US President Barack Obama has warned a powerful pro-Israel lobby about the dangers of "loose talk of war" with Iran, but said he would not hesitate to use force to defend his country's interests.
Obama, addressing the annual American-Israel Public Affairs Committee's (AIPAC) policy conference on Sunday, said Israel, which has been widely reported to be considering a preliminary strike against Iranian nuclear facilities, had the right to make its own decisions about its security needs.
But he said the US preferred to use diplomacy to resolve the standoff with Tehran, called on Israel to allow time for Western sanctions to take effect and warned of the dangers to world peace of further ratcheting up tensions with Iran.
Western powers accuse Iran of seeking to develop nuclear weapons, but Iran, which has yet to respond to Obama's comments, maintains that its nuclear programme is peaceful.
"Already, there is too much loose talk of war. Over the last few weeks, such talk has only benefited the Iranian government, by driving up the price of oil, which they depend on to fund their nuclear programme," Obama said.
"For the sake of Israel's security, America's security and the peace and security of the world, now is not the time for bluster.
Quoting former US president Theodore Roosevelt, Obama said he would "speak softly, but carry a big stick... And as we do, rest assured that the Iranian government will know our resolve and that our co-ordination with Israel will continue."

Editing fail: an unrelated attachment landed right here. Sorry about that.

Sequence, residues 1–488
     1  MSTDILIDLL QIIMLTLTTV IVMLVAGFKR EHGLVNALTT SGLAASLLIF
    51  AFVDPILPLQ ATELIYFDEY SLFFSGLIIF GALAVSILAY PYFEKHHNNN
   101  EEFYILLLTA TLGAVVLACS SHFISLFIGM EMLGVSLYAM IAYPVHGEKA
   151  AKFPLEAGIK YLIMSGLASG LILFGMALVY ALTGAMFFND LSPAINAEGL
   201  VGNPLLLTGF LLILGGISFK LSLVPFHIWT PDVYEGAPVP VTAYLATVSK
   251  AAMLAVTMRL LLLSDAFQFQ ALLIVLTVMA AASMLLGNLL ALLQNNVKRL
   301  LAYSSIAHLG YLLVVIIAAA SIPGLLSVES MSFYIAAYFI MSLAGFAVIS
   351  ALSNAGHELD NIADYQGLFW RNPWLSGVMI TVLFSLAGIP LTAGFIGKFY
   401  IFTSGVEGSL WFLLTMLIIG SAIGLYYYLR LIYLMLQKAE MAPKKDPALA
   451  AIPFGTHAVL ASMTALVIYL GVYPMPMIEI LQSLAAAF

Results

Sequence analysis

Obama's speech came one day before he meets at the White House with Binyamin Netanyahu, Israel's prime minister, who is also due to address AIPAC on Monday.
Netanyahu: Containment not an option
Speaking in Canada before his visit to Washington for talks with Obama on Monday, Netanyahu expressed satisfaction that Obama had refused to rule out using military force against Iran.
|Al Jazeera's Patty Culhane reports from the annual AIPAC conference in Washington DC
"I very much appreciated the fact that President Obama reiterated his position that Iran must not be allowed to develop nuclear weapons and that all options are on the table," Netanyahu told reporters in Ottawa.
"I also appreciated the fact that he made clear that when it comes to nuclear-armed Iran, containment is simply not an option," the Israeli premier said.
"Equally and in my judgment perhaps most important of all, I appreciate the fact that he said Israel must be able to defend itself, by itself, against any threat," Netanyahu said.
An AIPAC spokesman, Patrick Dorton, said the group welcomed Obama's remarks and "his strong resolve to work with Israel to solve the Iranian challenge."
AIPAC is also due to hear from three Republican presidential candidates - Mitt Romney, Rick Santorum and Newt Gingrich - on Tuesday, a critical day in the primary campaign when 10 states vote in the race to find a challenger to Obama in the November election.
Addressing Jewish voters in the US as much as AIPAC delegates, Obama said his administration's commitment to Israel should be judged by its deeds, rather than his words.
"Over the last three years, as president of the United States, I have kept my commitments to the state of Israel. At every crucial juncture at every fork in the road we have been there for Israel. Every single time," Obama said.
In response to Obama's AIPAC speech, Jordan warned that any military action against Iran over its nuclear programme would be "disastrous" for the whole Middle East.
"Any military action against Iran will have a disastrous impact on the entire region, which cannot afford to go through more wars," Awn Khasawneh, the Jordanian prime minister, told a group of visiting Turkish members of parliament.
"Any solution to the Iranian issue should be diplomatic. War on Iran will drag the region backwards... for decades," the state-run Petra quoted the premier as saying.